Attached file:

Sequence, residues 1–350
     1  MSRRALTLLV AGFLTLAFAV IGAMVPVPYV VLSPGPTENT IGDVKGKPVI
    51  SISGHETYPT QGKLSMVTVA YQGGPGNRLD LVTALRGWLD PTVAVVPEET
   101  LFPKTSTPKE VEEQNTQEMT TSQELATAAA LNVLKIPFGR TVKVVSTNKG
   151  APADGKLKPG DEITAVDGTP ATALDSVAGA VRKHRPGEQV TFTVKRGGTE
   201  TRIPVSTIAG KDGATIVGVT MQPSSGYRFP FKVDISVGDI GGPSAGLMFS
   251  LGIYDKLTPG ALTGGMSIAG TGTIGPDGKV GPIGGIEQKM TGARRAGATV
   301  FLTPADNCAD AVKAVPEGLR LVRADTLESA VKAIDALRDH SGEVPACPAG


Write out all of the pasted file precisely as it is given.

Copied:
Sequence, residues 1–350
     1  MSRRALTLLV AGFLTLAFAV IGAMVPVPYV VLSPGPTENT IGDVKGKPVI
    51  SISGHETYPT QGKLSMVTVA YQGGPGNRLD LVTALRGWLD PTVAVVPEET
   101  LFPKTSTPKE VEEQNTQEMT TSQELATAAA LNVLKIPFGR TVKVVSTNKG
   151  APADGKLKPG DEITAVDGTP ATALDSVAGA VRKHRPGEQV TFTVKRGGTE
   201  TRIPVSTIAG KDGATIVGVT MQPSSGYRFP FKVDISVGDI GGPSAGLMFS
   251  LGIYDKLTPG ALTGGMSIAG TGTIGPDGKV GPIGGIEQKM TGARRAGATV
   301  FLTPADNCAD AVKAVPEGLR LVRADTLESA VKAIDALRDH SGEVPACPAG